Virtual Remote Desktop

An informative guide on virtual remote desktop and what it means for your organization

Demand for end-user computing (EUC) technology has significantly increased over the past 24 months. As a result, many businesses have turned to cloud client computing and desktop virtualization to meet their organization's EUC needs as they face new challenges implementing initiatives related to remote or hybrid work, hardware updates, reducing their global carbon footprint, strengthening cybersecurity, and ensuring cyber resilience.

Using remote desktops or virtual desktops is one of the critical decisions administrators must make when establishing a private cloud. Each strategy has specific benefits and drawbacks.

We will discuss virtual remote desktop solutions in this blog and their pluses and minuses.

So, what exactly is a virtual desktop?

A virtual desktop is a software simulation of a hardware device that operates on a real or virtual system at a distant location and is hosted on-site or in the cloud.

End users can access their particular desktop environments remotely across a network thanks to virtual desktops like Azure Virtual Desktop.

The endpoint devices of their choice can also comprise operating systems and apps that are accessed via the client software or a web browser.

A virtual desktop is generally an image of operating systems and apps that have already been configured but are not connected to the end device that is used to access it. Users can access virtual desktops using endpoint devices like laptops, tablets, or smartphones.

The other meaning of virtual desktop has to do with Microsoft Windows. Windows 10 and Windows 11 both have a feature that enables you to build an unlimited number of virtual desktops quickly and effortlessly.

You can establish virtual desktops from the "Task View" pane and adjust their appearance. In addition, one can transfer programs between virtual desktops, close pages on particular virtual desktops, or display windows across all of them.

Virtual Desktop Infrastructure

The term "virtual desktop infrastructure" (also known as "VDI") refers to the utilization of large clusters of virtual machines that run on top of hypervisors. Remote desktop environments are frequently significantly simpler than VDI systems.

A VDI system's administrators oversee massive collections of virtual machines. Additionally, a connection broker is required to match the two virtual machines in the user sessions. Therefore, the connection broker has the potential to become a vulnerability or a massive performance block if it is not implemented appropriately.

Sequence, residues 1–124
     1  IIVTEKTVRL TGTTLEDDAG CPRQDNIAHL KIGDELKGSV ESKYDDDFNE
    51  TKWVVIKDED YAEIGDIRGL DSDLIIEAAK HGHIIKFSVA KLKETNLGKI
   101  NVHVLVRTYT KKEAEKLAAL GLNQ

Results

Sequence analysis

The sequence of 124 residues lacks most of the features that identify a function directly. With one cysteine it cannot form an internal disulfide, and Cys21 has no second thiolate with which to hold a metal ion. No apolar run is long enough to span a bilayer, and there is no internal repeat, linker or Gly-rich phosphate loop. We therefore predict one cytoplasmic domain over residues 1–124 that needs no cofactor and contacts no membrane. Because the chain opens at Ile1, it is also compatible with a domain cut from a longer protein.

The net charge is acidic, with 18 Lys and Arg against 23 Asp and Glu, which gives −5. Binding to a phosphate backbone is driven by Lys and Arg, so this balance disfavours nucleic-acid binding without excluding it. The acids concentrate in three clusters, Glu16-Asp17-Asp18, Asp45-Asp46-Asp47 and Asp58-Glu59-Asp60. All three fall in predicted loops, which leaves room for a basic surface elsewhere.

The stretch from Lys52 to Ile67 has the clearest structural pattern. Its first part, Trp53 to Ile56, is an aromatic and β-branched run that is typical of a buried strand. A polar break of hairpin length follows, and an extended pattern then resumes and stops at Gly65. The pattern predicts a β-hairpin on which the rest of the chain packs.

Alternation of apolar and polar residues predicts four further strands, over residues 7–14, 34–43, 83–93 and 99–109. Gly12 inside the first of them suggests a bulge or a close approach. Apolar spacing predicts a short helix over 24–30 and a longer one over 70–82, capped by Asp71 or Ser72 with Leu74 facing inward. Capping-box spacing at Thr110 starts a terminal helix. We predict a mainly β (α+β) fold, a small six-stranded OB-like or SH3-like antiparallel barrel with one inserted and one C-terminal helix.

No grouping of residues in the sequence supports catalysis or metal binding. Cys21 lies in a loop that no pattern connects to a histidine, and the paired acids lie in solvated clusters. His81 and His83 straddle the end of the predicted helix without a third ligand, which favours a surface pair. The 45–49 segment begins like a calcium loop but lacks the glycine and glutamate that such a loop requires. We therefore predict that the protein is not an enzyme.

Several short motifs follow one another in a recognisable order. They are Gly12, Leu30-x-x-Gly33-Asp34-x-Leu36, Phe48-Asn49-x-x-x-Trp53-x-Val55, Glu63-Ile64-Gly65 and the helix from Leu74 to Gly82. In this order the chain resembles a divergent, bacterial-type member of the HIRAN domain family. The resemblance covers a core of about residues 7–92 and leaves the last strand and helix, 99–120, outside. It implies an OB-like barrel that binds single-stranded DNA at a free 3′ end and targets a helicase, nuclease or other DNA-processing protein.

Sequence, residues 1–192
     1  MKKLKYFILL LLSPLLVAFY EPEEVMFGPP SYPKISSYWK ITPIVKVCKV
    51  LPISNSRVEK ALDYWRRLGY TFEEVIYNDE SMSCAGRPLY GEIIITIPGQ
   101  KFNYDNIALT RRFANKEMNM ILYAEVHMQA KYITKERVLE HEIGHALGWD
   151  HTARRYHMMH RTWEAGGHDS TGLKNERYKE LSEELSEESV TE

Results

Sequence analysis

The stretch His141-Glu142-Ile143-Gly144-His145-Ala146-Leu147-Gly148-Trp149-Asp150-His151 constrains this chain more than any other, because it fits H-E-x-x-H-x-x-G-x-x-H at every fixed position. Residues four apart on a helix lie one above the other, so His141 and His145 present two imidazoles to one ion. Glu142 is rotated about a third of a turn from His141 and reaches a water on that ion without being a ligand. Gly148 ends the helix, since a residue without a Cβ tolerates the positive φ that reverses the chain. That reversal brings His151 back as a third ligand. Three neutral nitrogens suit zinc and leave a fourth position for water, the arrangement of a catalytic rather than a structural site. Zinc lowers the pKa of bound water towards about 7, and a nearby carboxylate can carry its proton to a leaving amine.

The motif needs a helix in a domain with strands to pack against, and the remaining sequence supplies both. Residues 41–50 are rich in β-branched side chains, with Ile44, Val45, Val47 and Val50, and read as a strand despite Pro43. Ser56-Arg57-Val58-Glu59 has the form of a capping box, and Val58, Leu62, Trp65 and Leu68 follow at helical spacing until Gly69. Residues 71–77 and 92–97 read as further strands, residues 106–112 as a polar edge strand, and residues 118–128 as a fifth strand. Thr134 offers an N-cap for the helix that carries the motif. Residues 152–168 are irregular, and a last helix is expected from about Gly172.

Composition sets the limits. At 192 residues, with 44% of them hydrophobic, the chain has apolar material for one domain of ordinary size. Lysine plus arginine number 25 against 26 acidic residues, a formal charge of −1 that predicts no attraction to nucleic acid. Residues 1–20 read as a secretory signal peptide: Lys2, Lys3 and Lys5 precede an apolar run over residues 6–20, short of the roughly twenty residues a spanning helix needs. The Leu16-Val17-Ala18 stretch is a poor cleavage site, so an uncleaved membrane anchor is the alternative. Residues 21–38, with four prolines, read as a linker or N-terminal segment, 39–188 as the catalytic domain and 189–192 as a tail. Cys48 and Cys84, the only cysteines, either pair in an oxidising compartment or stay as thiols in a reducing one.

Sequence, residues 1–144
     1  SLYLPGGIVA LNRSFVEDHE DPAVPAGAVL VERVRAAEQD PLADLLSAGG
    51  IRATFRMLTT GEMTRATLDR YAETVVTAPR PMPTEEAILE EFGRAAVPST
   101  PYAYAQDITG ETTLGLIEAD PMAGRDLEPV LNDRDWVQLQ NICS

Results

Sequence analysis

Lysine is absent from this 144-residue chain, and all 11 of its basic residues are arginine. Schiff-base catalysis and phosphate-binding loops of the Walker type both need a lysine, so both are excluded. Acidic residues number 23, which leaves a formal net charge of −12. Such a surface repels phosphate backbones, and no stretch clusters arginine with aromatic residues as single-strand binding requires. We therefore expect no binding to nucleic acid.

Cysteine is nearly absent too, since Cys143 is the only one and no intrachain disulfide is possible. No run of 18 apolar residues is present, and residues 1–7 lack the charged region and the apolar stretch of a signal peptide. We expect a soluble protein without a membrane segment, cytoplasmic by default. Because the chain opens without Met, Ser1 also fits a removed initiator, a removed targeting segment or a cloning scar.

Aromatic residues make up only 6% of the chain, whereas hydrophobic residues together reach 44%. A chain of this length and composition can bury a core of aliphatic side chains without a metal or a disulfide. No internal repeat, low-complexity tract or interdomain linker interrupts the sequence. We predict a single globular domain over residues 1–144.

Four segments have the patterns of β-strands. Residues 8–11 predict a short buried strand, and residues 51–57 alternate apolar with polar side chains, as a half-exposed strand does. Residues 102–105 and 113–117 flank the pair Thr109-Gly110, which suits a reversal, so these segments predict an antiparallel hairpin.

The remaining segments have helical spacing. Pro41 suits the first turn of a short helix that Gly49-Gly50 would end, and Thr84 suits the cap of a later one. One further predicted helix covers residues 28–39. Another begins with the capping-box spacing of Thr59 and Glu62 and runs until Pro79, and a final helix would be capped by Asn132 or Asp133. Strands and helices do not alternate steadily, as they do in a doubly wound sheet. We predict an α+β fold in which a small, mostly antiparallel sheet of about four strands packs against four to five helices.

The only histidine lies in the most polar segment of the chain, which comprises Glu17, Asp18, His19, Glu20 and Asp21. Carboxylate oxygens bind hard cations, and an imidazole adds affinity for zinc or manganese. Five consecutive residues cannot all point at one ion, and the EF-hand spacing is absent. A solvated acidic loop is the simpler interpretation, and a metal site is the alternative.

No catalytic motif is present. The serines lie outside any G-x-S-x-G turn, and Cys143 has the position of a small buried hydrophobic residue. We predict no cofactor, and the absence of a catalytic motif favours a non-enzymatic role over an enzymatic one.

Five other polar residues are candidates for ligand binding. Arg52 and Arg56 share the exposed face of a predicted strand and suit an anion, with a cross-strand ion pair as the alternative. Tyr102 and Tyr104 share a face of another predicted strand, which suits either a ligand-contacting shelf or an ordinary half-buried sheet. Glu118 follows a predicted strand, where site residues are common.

Virtual desktop infrastructure (VDI) is a variant of the client-server model of desktop virtualization in which desktop operating systems run inside a virtual machine, either on-premises or in the public cloud.

Users use VDI to access individual desktops and the applications that reside on them in a one-to-one mapping. However, the Windows 10 Enterprise multi-session version, which is exclusive to Azure and supports multiple concurrent user connections, is an exception.

Various types of Virtual Desktop

Virtual desktops are classified into three types:

  • Persistent Virtual Desktop:

Users can access and use their persistent virtual desktop from any location and device with an internet connection. The main advantage of using a persistent virtual desktop is that users' settings, preferences, and files are always accessible, regardless of where or what device they use.

  • Non-Persistent Virtual Desktop: 

Unlike persistent virtual desktops, non-persistent virtual desktops are only active while the user is logged in. The virtual desktop is destroyed when the user logs out. Non-persistent virtual desktops are frequently used in educational or public settings where maintaining a consistent environment for all users is critical.

  • Hybrid Virtual Desktop:

A hybrid virtual desktop combines the benefits of both persistent and non-persistent virtual desktops. Users have their dedicated virtual desktop, but their settings and files are not permanently stored on the desktop.

This type of virtual desktop is frequently used in businesses where users require access to specific applications or data sets that are too large to store on a non-persistent virtual desktop.

Remote virtual desktops have traditionally been delivered using Microsoft Remote Desktop Services (RDS) as the underlying technology. Multiple remote users connected via a network share a single operating system instance installed on a server.